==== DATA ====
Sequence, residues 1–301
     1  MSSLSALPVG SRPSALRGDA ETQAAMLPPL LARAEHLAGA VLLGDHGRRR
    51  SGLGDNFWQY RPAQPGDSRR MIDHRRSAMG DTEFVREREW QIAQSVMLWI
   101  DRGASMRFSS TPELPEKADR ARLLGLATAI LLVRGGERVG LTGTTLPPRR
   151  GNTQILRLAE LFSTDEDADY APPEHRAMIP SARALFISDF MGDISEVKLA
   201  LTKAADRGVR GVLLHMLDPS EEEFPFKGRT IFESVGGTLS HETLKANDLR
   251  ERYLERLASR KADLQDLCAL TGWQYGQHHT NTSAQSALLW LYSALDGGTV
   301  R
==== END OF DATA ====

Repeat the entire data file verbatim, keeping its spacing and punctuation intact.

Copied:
Sequence, residues 1–301
     1  MSSLSALPVG SRPSALRGDA ETQAAMLPPL LARAEHLAGA VLLGDHGRRR
    51  SGLGDNFWQY RPAQPGDSRR MIDHRRSAMG DTEFVREREW QIAQSVMLWI
   101  DRGASMRFSS TPELPEKADR ARLLGLATAI LLVRGGERVG LTGTTLPPRR
   151  GNTQILRLAE LFSTDEDADY APPEHRAMIP SARALFISDF MGDISEVKLA
   201  LTKAADRGVR GVLLHMLDPS EEEFPFKGRT IFESVGGTLS HETLKANDLR
   251  ERYLERLASR KADLQDLCAL TGWQYGQHHT NTSAQSALLW LYSALDGGTV
   301  R